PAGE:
The Girls Are Off to Math Camp!

By Eurie Hwang

This August, Villitracia, Triza, and Peris will be off to spend a week at the Maseno University Maths Camp. They have a month-long break in August and jumped at this opportunity to immerse themselves in mathematics, which two of them consider their most challenging course.

The most exciting detail of this announcement is that for the first time in their lives, the girls will be able to explore outside Nakuru. The camp takes place on a university campus, which is a good way to encourage the girls to think about higher education. There is nothing better for expanding their knowledge than the gift of travel! They will be chaperoned by a math teacher from their boarding school, Christ the King Secondary school.

The annual Maseno Maths Camp will be held on 18th – 24th August in Maseno, Kenya, which is about five hours from Nakuru. Both Kenyan and international mathematics teachers will help the students learn new concepts with the latest mathematical software. One of the main goals of the camp is to make math more accessible and beneficial for girls to pursue. They will experience an environment charged with technologies that may not be available in their hometowns.

It is especially important for Kenyan girls to be exposed to camps such as Maths Camp because of the misconception that males are naturally better at math than females. Of course, such bias exists around the globe including the States. A 2009 study by American Society for Quality (ASQ) showed, only five percent of girls ages 8-17 expressed interest in an engineering career compared to the 24 percent of boys who expressed interest. An early introduction to the values of math may motivate the girls to break through this cultural bias.

The cost of camp is $50 for participants from the East African community and covers boarding, food, and camp instruction. Villantricia, Triza, and Peris’ costs are covered by the generosity of St. Paul’s Academic Scholarship’s donors like you. Thank you!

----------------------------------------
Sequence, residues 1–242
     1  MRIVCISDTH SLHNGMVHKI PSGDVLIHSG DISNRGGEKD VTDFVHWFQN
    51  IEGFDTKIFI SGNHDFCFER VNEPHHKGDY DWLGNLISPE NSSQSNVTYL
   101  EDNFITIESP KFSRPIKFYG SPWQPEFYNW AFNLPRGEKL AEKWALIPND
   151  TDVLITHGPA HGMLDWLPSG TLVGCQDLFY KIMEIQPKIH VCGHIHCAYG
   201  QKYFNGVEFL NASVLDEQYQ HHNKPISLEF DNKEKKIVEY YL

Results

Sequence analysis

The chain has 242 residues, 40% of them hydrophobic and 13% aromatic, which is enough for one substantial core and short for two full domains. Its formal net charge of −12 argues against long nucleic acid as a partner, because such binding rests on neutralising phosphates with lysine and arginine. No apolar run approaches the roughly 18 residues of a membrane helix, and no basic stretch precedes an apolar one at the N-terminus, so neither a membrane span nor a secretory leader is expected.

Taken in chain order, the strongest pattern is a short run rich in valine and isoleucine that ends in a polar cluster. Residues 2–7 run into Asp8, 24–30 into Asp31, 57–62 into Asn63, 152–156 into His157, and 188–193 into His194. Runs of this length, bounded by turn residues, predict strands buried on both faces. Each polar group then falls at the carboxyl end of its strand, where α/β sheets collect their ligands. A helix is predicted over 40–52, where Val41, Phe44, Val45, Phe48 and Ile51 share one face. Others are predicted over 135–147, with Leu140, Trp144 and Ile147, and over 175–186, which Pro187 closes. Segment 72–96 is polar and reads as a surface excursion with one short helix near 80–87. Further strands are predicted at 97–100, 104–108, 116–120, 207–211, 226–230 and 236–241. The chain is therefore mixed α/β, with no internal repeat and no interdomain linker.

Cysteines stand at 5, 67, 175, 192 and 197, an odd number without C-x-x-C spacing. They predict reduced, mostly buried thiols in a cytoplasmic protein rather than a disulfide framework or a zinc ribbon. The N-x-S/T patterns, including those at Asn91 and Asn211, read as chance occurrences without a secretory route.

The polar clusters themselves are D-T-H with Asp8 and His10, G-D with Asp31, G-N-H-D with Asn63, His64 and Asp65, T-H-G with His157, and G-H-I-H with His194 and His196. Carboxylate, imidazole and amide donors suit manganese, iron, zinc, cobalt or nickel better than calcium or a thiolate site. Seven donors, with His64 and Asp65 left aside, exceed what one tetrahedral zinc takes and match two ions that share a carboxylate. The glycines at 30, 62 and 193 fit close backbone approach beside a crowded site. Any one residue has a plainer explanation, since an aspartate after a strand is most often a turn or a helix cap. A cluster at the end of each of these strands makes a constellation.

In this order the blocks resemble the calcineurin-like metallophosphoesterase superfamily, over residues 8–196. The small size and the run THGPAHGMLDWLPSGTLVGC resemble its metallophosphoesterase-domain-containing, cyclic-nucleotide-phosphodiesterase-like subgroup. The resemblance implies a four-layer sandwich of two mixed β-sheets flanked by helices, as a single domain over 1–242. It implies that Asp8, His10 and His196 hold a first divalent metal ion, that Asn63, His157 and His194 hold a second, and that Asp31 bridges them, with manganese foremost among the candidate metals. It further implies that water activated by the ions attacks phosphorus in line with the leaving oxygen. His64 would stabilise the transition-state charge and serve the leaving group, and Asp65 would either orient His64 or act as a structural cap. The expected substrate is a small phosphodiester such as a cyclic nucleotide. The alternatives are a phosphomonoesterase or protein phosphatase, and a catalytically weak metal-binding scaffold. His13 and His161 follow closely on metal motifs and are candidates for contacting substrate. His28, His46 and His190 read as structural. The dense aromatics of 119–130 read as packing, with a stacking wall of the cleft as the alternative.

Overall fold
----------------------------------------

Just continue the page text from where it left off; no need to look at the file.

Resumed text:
For more information about Maths Camp, visit their website.

Kenyan Teachers Strike For Increased Pay


An empty classroom at St. Paul’s Primary School. More pictures

By Eurie Hwang

The Kenya National Union of Teachers (KNUT) entered its third week of nationwide strike over increased allowances. They demand the new government implement the $552 million-pay deal the teachers union signed with previous governments. Since they began their strike on June 25, public primary and secondary school classrooms remain empty of students. This includes St. Paul’s Primary School in Nakuru, the former primary school of sponsored students Vilitracia, Triza, and Peris.

Difficulties amounting to a fair negotiation ignited heated threats by the Education Secretary Jacob Kaimenyi.

“If you abandon duty, you will be deemed to have absconded and appropriate disciplinary action will be taken in line with the law,” said Kaimenyi.

The KNUT, saying such threats were made in the past with no consequences, is not taking his threats seriously.

“Teachers went on strike with a purpose and that purpose has not yet been achieved. Do you expect us to go back to class?” said KNUT’s Second Vice National Chairman Wycliffe Omucheyi.

Their reasons may be just but the children need them in class. Every day, many students return home after arriving at school and finding classrooms still empty.

“The teachers should be reasonable because the children are really suffering out here. They are not reading and in the end there is going to be an examination [KCPE, the end of primary school exam] which they might fail,” said a parent whose child attends a public school.

The KNUT was successful in staging another crippling three-week strike last year for increased salary.

Weeks without class are one of the difficulties faced by the public school students in Kenya. The three students we are sponsoring scored well on their end of primary school exam despite last year’s strike and other impediments. They now attend a private Catholic school and so are not affected by the strike.